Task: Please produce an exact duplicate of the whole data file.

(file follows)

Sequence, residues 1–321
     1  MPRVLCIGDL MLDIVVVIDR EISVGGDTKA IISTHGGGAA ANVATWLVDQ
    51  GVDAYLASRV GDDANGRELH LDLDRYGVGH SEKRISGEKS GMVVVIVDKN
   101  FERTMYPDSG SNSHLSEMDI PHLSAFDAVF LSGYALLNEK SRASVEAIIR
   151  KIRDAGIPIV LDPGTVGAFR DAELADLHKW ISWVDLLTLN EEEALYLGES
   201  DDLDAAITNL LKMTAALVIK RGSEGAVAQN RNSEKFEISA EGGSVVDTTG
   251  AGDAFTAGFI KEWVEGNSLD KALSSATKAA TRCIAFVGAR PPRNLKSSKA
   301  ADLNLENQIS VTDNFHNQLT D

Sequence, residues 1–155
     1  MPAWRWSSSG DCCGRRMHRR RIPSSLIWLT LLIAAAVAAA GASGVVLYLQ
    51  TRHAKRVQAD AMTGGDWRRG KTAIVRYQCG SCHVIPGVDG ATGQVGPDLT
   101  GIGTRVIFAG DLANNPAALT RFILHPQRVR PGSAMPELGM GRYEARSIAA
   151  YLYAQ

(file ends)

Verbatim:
Sequence, residues 1–321
     1  MPRVLCIGDL MLDIVVVIDR EISVGGDTKA IISTHGGGAA ANVATWLVDQ
    51  GVDAYLASRV GDDANGRELH LDLDRYGVGH SEKRISGEKS GMVVVIVDKN
   101  FERTMYPDSG SNSHLSEMDI PHLSAFDAVF LSGYALLNEK SRASVEAIIR
   151  KIRDAGIPIV LDPGTVGAFR DAELADLHKW ISWVDLLTLN EEEALYLGES
   201  DDLDAAITNL LKMTAALVIK RGSEGAVAQN RNSEKFEISA EGGSVVDTTG
   251  AGDAFTAGFI KEWVEGNSLD KALSSATKAA TRCIAFVGAR PPRNLKSSKA
   301  ADLNLENQIS VTDNFHNQLT D

Sequence, residues 1–155
     1  MPAWRWSSSG DCCGRRMHRR RIPSSLIWLT LLIAAAVAAA GASGVVLYLQ
    51  TRHAKRVQAD AMTGGDWRRG KTAIVRYQCG SCHVIPGVDG ATGQVGPDLT
   101  GIGTRVIFAG DLANNPAALT RFILHPQRVR PGSAMPELGM GRYEARSIAA
   151  YLYAQ